“That’s my goal,’’ Penn said. “I’m a long way away from it, but that’s what I’m trying to reach. That’s why I’m working so hard and playing so good because I want to get there. I want to be known as the best left tackle in the game when it’s all said and done.’’

Yeah, that’s all down the road. But it no longer seems as impossible as it did when Penn was a practice-squad player. Maybe if he keeps talking big and playing the way he has recently, he just might meet his goal.
NFC Big Question: East | West | North | South AFC: East | West | North | South

Will the New Orleans Saints be better in 2010 than they were in 2009?

[+] EnlargeGregg Williams
Scott Halleran/Getty ImagesIf Gregg Williams' defense improves, the Saints could have a repeat of last season's success.
We actually need to give credit to New Orleans defensive coordinator Gregg Williams for creating that question. While driving over the weekend, I caught a quick clip of Williams on Sirius NFL Radio and he was talking about how the Saints could be better this year.

He’s got a point. Yeah, recent history hasn’t been kind to Super Bowl champions as they head into the next season. We’ve already addressed many times how the Saints are going to be the big target on every opponents’ schedule and about how things like legal issues and Jeremy Shockey fainting spells can be distractions. Those are all very valid points. Things like that have been the downfall for other teams and it could turn out the same way for the Saints.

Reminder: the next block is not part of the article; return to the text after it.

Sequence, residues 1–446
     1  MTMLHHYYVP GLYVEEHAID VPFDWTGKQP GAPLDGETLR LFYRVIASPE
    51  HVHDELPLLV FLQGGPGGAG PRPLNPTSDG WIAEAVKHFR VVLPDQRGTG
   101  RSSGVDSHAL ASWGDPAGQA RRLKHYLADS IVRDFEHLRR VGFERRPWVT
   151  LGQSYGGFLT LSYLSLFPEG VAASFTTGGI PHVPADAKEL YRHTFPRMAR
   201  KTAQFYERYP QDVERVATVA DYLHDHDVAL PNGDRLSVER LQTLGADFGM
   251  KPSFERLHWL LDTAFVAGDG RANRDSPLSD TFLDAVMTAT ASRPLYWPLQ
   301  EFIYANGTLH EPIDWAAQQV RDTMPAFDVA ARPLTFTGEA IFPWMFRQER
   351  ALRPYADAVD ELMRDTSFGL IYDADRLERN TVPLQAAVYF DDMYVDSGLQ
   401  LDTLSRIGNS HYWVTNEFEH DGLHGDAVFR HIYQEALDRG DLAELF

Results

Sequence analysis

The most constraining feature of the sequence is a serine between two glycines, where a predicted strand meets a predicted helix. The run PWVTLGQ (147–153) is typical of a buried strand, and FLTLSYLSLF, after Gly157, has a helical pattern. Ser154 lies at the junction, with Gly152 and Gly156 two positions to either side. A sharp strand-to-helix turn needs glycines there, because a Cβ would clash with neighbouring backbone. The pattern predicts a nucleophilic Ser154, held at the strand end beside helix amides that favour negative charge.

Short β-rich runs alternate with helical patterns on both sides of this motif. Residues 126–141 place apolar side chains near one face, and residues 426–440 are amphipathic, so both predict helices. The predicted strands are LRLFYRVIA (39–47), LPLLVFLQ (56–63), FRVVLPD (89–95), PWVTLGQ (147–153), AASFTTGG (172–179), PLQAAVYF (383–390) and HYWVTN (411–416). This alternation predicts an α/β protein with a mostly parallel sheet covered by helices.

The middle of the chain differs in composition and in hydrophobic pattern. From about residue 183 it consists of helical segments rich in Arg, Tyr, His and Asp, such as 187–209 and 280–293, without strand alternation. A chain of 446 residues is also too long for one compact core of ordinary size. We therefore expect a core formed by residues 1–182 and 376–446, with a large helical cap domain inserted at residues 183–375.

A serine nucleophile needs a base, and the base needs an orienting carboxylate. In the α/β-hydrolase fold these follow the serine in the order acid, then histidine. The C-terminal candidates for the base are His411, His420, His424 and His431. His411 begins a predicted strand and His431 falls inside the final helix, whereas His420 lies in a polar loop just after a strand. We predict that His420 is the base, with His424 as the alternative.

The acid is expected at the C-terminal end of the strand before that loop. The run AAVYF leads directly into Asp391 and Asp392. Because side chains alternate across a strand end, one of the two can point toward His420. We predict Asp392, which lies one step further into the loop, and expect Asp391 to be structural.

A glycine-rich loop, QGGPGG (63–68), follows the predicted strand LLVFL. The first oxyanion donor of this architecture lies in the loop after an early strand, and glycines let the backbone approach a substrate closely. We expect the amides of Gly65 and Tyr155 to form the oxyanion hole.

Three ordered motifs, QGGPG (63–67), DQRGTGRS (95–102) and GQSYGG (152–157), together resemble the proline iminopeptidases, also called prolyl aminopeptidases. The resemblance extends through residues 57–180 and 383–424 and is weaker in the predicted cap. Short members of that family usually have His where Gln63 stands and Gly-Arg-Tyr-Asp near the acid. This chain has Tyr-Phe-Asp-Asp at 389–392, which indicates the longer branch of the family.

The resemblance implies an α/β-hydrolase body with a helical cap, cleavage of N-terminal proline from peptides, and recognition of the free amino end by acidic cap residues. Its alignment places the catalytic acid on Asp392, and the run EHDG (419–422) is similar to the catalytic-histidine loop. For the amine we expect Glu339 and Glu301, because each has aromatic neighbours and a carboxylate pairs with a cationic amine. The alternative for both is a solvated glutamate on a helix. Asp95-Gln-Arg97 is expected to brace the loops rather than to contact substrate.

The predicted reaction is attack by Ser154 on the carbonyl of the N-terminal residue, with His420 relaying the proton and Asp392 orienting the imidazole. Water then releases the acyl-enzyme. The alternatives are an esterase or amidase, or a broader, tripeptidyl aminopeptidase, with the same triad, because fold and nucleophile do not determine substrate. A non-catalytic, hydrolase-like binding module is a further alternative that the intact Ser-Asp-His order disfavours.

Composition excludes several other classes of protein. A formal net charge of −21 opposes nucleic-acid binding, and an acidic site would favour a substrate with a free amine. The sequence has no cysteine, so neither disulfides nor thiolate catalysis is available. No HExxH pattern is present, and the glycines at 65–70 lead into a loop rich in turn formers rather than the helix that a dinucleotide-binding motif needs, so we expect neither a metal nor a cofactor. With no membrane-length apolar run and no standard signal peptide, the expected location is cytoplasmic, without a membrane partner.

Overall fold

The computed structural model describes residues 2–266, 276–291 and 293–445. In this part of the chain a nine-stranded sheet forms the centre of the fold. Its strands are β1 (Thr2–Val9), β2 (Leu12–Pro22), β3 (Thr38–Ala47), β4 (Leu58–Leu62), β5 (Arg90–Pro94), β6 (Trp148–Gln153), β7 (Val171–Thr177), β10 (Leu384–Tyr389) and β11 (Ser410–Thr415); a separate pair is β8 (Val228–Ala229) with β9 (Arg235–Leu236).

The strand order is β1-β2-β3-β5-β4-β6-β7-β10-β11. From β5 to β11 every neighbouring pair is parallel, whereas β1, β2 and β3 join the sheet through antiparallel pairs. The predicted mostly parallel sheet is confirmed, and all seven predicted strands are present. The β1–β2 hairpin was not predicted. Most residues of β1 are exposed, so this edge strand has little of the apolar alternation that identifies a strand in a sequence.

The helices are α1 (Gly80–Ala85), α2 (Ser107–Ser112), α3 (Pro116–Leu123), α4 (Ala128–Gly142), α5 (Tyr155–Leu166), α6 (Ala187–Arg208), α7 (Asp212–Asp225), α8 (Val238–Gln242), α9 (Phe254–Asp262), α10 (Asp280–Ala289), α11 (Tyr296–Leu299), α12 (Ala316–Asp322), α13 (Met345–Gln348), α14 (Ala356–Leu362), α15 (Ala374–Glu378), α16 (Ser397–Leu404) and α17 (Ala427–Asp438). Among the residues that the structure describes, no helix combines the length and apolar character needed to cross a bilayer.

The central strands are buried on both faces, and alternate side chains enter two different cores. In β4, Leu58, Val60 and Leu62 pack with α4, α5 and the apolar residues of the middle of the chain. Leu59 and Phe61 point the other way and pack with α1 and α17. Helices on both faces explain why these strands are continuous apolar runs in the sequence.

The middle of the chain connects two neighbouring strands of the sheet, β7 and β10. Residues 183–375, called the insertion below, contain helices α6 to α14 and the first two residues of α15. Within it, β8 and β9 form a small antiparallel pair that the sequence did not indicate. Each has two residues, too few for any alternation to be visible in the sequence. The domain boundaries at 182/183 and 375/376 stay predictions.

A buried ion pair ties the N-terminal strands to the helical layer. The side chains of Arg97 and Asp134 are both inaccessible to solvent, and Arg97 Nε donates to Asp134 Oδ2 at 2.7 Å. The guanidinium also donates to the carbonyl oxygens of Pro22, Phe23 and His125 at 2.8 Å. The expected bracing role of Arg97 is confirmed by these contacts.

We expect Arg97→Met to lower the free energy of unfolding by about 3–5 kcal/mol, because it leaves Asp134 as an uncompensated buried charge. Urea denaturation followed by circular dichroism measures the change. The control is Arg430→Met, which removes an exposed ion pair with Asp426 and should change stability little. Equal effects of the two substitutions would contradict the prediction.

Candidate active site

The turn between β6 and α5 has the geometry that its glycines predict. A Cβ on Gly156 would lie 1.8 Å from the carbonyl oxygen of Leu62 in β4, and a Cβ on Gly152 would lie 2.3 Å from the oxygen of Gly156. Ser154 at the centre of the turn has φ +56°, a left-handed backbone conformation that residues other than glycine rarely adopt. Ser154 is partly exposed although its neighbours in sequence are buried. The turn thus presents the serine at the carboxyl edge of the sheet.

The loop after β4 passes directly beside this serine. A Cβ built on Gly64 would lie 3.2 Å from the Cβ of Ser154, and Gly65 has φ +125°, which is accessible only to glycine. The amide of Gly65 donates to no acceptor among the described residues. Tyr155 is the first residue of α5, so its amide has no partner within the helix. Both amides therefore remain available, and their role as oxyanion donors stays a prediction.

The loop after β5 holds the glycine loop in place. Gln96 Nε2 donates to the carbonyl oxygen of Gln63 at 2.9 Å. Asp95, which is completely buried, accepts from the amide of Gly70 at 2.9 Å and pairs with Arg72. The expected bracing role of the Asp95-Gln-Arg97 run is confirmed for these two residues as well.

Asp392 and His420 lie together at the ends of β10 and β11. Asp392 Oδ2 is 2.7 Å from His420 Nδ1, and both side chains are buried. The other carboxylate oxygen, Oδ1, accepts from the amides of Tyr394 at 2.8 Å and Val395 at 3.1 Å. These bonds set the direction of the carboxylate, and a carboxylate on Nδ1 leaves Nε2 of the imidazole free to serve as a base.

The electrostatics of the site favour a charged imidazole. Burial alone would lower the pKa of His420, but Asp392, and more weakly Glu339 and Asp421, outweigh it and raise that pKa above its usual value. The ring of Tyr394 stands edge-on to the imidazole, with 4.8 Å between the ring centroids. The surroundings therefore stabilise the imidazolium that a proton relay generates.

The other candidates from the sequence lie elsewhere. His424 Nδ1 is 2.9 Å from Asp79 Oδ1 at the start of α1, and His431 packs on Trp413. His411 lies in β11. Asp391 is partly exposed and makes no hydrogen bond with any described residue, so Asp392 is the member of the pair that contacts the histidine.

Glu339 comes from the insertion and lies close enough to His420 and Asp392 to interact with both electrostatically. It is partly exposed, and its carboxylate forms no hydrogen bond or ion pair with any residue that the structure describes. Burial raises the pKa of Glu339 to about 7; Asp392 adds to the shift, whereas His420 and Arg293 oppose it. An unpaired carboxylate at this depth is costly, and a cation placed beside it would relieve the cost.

But, for a change, let’s play on Williams’ statement and wonder why the Saints actually could be better. It’s hard to repeat as a Super Bowl champion, but the way the Saints are set up, I don’t think it’s impossible. With Drew Brees in his prime, the offense isn’t going to get any worse. In fact, I think the return of a healthy Heath Evans at fullback and positive contract resolutions with Pierre Thomas and Jammal Brown, the offense could be better.

The special teams already are very good. That brings us to the defense, which was the biggest question entering last season. All the Saints really lost on defense was linebacker Scott Fujita. He was a nice player, but the Saints have a lot of young legs to replace him.

With Alex Brown and Jimmy Wilkerson, they probably have upgraded on Charles Grant at defensive end. Their collection of defensive backs is as talented as any in the league. Williams knows this defense better than anyone else.

If he’s saying the Saints could be better, it might be because he sees his defense getting even better.

Payton not happy with OT change

March, 24, 2010
ORLANDO, Fla. -- Some strong comments by New Orleans coach Sean Payton on the rule changes for overtime on Sirius NFL Radio this morning.

“Well, No. 1, I’m not a big fan of the rule that was just implemented," Payton said. “I’m going to have to probably spend a half hour explaining it to my wife or any fan that it’s the regular season we’re still in [sudden death] overtime, it’s only in the postseason. In the postseason, now listen, if we score the first field goal then they get the ball back but if we score a touchdown the game’s over."

Payton didn’t stop with that.

“I hate it," Payton said. “I think the old system was an asset, not a liability. I think it was the most exiting overtime in our game. But I’m probably one of a few or one of a handful."

Payton definitely wasn’t the only coach opposed to changing the overtime format. He spoke out against it before the rule change was voted on. Carolina coach John Fox also opposed the change.

But Carolina and New Orleans voted for the change. So did Tampa Bay and Atlanta. Only four teams voted against the change and the vote was done by team owners Tuesday afternoon when coaches and general managers were not in the room. Payton said he wasn’t happy with the process.

“And not just the coaches now," Payton said. “The general managers were out eating lunch, golfing or whatever. That kind of got snuck in the back door interestingly at about 4 p.m."